Bulgaria court delays trial of Burgas bus bomber accomplices
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Bulgaria court delays trial of Burgas bus bomber accomplices

Trial in absentia for suspects on the run pushed off to November due to failure to inform families of Israelis killed in 2012 attack

These head-shots provided by the Bulgarian Interior Ministry shows Canadian citizen Hassan El Hajj Hassan, right, and Australian citizen Meliad Farah, also known as Hussein Hussein, left, both suspected of being involved in the July 2012 Burgas bombing. (photo credit: courtesy Bulgarian Interior Ministry)
These head-shots provided by the Bulgarian Interior Ministry shows Canadian citizen Hassan El Hajj Hassan, right, and Australian citizen Meliad Farah, also known as Hussein Hussein, left, both suspected of being involved in the July 2012 Burgas bombing. (photo credit: courtesy Bulgarian Interior Ministry)

SOFIA, Bulgaria — The trial over a deadly 2012 bombing of Israeli tourists in Bulgaria, due to start on Monday, has been pushed back to November because of a procedural error, prosecutors said.

The opening was delayed because the Sofia court had failed to inform the victims’ families of the start date, prosecutors told AFP.

The proceedings against two alleged suspects in the attack, who are on the run and being tried in absentia, will now start on November 10.

A Franco-Lebanese national, identified as Mohamad Hassan El-Husseini, blew up a bus carrying Israeli tourists at the airport of the Black Sea coast resort of Burgas on July 18, 2012.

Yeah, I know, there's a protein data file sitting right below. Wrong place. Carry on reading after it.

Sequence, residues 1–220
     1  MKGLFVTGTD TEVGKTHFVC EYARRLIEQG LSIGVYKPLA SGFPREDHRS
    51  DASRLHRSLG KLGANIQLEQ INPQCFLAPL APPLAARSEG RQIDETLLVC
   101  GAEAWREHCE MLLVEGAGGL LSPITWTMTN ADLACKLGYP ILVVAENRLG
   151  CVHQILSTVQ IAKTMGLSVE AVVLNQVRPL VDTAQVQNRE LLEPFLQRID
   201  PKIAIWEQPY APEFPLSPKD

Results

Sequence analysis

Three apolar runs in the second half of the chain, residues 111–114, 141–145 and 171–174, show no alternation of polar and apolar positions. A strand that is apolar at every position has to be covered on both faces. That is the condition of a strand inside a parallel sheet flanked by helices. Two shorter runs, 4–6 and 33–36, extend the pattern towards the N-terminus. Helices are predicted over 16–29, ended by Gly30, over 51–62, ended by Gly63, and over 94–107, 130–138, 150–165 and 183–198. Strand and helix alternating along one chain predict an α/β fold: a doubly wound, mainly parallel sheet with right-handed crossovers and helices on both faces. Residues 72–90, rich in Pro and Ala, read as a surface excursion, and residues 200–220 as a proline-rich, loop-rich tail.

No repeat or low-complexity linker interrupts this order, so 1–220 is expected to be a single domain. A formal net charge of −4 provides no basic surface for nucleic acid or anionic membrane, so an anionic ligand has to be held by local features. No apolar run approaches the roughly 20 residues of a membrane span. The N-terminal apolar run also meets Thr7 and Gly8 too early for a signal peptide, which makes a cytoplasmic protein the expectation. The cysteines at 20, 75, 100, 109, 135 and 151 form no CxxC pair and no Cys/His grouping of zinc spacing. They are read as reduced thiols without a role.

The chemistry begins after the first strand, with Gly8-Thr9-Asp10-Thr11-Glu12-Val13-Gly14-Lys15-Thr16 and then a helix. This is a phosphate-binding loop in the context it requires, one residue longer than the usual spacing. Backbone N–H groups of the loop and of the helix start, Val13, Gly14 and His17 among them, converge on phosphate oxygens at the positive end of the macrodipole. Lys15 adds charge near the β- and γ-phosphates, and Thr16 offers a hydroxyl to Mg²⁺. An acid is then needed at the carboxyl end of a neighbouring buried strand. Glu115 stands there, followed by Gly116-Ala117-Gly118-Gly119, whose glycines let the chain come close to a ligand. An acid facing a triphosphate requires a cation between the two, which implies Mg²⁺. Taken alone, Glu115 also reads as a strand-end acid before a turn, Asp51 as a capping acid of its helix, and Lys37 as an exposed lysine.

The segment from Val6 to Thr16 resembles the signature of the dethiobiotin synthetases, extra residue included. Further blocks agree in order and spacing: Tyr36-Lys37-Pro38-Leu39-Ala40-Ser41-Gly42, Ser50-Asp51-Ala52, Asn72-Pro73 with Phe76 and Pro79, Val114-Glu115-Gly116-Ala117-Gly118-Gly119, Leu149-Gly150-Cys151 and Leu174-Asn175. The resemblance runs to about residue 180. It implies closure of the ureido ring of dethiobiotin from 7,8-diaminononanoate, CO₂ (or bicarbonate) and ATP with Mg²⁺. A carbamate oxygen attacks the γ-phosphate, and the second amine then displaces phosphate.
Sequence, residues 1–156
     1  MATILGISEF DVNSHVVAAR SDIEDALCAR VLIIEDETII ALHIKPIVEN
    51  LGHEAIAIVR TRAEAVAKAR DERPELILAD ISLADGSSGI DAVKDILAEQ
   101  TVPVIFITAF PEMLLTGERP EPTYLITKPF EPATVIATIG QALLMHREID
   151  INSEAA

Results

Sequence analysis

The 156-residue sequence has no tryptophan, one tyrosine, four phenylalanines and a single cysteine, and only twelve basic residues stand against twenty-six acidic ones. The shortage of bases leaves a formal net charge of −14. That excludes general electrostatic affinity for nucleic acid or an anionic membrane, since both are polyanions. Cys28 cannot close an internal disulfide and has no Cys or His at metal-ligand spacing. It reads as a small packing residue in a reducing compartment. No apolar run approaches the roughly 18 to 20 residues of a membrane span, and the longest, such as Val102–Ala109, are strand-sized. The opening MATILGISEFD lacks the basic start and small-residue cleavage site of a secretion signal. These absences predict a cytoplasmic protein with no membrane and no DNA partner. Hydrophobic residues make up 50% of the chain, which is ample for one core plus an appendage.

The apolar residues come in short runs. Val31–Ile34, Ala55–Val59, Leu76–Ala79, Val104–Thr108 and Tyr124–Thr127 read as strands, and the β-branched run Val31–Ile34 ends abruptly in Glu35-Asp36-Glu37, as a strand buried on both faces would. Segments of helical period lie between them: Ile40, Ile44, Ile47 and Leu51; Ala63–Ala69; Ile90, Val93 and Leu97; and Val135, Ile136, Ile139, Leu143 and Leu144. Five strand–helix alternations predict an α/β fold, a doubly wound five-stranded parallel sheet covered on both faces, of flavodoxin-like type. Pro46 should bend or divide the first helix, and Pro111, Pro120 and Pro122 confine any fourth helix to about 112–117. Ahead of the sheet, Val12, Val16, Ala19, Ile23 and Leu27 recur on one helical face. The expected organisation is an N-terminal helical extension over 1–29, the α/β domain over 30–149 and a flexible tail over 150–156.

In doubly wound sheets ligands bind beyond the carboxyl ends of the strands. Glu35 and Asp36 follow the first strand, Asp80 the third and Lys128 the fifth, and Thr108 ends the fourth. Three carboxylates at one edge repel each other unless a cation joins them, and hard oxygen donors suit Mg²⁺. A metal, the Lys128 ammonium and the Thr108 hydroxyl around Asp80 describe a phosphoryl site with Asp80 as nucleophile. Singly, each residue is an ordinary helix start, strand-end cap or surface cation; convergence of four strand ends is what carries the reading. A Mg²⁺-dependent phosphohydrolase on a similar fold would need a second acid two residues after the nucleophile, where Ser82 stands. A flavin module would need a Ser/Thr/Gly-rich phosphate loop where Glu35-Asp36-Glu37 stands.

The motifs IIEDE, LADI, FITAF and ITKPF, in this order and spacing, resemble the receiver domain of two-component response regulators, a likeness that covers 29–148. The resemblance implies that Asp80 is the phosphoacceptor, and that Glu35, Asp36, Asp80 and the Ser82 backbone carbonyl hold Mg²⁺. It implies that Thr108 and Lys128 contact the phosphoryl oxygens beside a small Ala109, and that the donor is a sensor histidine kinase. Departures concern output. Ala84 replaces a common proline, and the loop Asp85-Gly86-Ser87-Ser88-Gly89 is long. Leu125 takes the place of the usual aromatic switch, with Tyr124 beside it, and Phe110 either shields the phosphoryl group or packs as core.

Five Israelis, their Bulgarian driver and the bomber himself died in the attack, which left 35 other Israelis injured.

Bulgarian investigators stage a reenactment of the bus bombing in July 2012 that killed five Israeli tourists at the Burgas airport, on Friday, April 26, 2013. (photo credit: AP/Valentina Petrova)
Bulgarian investigators stage a reenactment of the bus bombing in July 2012 that killed five Israeli tourists at the Burgas airport, on Friday, April 26, 2013. (AP/Valentina Petrova)

Bulgarian authorities identified the attacker’s alleged accomplices as two Lebanese men with links to the Lebanese militant group Hezbollah, named as Australian passport holder Meliad Farah and Canadian citizen Hassan El Hajj Hassan.

The attack — which both Israel and Bulgaria blamed on Hezbollah — was the deadliest hit against Israelis abroad since 2004.

It played a role in a subsequent European Union decision to blacklist Hezbollah’s military wing as a terrorist organization.

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